As a retired public safety professional, it does not seem that partners are needed for home nocturnal dialysis, as the pump is only moving at a speed of 300-360. The Head RN at Indiana University Home Dialysis with 38 years of experience agrees with me on this issue. Another way to get around the use of a partner is the various companies that provide immediate response, such as companies as “LifeAlert.” In most and the vastly majority of emergency situation, a phone is not available. When I worked at the retirement community, they had a system called “Protect Alert.” When the resident need an immediate response, they simply pushed the protect alert and security was notified thru the system.
Some physicians allow patients to dialyze without a partner. I’ve known patients who did that, including a patient who was on nocturnal home HD. Some facilities offer remote monitoring over the Internet. Rubin Dialysis in NY does this.
I’d read some time ago that remote monitoring was not finding serious problems. The linked journal article below states:
“Accidental disconnection of dialysis needles or lines can rapidly result in fatal exsanguination. Monitoring of arterial and venous line pressure, along with patients’ visual inspection, remain mainstays of safety measures. Nocturnal dialysis generates particular concern, and initial arrangements for home hemodialysis involved remote monitoring (via phone or internet). Since no safety benefit has been demonstrated, remote monitoring is less commonly used now. Multiple devices and techniques have been developed to secure blood lines and needles. Enuresis pads are sometimes used under accesses to detect excess moisture from a blood leak. A new device to detect blood leak, using a fiberoptic cable taped over the access and attached to a small monitoring device, is now available in some countries, though it is not yet approved in the United States.”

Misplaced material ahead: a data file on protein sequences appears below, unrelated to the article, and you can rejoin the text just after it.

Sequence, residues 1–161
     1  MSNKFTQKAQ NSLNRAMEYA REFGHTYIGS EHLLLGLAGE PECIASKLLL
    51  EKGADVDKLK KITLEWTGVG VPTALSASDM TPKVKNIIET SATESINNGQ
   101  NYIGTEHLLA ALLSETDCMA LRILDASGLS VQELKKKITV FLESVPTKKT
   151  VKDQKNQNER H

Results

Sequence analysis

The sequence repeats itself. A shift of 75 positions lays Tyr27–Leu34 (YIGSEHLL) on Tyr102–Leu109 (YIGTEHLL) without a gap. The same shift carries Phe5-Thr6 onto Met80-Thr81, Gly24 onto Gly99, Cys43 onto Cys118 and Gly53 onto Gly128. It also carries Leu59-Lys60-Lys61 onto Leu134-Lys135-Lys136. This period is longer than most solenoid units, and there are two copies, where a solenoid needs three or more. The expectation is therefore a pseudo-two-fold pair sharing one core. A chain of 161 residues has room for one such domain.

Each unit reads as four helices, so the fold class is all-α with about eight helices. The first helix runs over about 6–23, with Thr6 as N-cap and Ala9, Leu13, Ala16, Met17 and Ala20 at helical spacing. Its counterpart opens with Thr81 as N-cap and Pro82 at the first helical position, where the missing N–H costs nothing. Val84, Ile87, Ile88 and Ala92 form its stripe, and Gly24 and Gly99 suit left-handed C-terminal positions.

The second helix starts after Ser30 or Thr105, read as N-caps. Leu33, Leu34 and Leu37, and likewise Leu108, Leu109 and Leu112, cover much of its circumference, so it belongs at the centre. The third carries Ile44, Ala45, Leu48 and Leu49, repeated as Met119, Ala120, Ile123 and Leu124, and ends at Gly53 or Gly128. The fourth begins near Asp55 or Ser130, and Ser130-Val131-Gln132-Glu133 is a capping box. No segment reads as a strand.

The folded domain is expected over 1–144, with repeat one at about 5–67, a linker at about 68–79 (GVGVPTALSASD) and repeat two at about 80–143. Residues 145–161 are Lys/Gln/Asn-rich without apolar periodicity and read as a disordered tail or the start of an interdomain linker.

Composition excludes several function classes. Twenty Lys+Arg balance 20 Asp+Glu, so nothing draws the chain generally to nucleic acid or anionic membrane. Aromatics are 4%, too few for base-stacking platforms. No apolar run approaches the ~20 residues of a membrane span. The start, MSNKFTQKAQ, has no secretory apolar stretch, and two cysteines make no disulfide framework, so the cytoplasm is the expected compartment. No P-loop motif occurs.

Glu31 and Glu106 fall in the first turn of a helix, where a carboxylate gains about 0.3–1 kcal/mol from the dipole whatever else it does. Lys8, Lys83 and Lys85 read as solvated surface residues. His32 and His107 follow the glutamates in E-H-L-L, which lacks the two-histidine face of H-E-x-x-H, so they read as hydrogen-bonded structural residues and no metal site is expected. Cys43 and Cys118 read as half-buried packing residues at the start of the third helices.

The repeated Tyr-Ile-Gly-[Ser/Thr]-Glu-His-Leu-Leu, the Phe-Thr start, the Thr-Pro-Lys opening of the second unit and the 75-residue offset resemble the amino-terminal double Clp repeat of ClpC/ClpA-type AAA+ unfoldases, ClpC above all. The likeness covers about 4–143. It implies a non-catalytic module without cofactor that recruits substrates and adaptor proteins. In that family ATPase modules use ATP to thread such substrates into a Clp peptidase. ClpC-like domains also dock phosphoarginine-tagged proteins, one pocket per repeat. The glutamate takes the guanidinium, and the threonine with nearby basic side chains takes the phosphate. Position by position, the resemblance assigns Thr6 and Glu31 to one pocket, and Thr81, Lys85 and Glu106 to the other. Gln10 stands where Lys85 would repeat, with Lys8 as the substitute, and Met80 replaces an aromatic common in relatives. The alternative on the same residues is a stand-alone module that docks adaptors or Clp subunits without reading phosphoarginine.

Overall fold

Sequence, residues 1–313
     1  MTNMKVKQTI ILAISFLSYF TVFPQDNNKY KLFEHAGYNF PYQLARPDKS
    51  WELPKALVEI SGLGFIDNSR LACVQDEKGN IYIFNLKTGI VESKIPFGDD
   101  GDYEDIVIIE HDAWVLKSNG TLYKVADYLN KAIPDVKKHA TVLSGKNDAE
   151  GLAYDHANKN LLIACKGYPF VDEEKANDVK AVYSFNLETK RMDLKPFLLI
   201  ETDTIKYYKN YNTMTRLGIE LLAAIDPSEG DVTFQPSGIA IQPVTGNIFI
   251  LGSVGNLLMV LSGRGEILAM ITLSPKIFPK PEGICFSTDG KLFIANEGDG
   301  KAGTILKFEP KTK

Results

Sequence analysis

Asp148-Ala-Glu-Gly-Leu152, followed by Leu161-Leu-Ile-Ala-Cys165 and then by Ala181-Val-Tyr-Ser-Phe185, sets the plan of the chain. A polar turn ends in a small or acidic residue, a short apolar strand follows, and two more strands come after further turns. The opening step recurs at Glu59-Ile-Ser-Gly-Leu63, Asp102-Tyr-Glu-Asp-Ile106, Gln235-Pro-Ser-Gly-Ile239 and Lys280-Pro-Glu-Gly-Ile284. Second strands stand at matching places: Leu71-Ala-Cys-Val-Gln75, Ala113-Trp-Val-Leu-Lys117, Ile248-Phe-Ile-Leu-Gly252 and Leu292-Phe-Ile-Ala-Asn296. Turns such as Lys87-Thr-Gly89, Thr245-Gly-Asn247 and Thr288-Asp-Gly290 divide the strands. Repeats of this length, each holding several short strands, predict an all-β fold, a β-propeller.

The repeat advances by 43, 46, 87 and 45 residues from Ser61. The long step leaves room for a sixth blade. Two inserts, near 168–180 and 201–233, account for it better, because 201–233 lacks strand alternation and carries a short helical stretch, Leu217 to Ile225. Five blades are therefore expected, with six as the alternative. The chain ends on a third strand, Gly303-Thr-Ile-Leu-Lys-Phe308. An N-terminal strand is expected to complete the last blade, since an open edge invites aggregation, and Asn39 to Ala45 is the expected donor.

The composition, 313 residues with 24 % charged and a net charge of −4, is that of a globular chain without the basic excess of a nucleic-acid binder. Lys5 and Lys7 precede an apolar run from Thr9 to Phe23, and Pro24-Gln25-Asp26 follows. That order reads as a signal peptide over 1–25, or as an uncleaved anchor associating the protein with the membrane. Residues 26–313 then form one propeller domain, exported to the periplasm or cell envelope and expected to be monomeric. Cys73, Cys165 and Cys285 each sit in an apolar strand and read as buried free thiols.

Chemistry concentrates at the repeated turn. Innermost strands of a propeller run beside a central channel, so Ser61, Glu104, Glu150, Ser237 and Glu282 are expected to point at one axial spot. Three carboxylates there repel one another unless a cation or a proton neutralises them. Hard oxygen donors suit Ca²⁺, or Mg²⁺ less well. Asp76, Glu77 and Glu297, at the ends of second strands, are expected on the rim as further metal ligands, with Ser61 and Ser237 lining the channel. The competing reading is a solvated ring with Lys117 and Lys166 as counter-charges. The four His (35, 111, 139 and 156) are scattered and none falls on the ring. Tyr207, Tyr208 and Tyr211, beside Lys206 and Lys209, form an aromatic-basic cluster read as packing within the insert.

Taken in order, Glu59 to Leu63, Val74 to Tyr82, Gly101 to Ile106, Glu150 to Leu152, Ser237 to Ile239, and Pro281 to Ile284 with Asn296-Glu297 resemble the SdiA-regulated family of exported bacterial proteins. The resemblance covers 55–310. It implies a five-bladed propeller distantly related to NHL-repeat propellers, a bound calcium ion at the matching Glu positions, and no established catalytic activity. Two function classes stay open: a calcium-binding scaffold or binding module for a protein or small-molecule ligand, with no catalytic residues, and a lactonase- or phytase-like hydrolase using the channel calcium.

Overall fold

One fiber optic device is Redsense which is now FDA-approved in the US.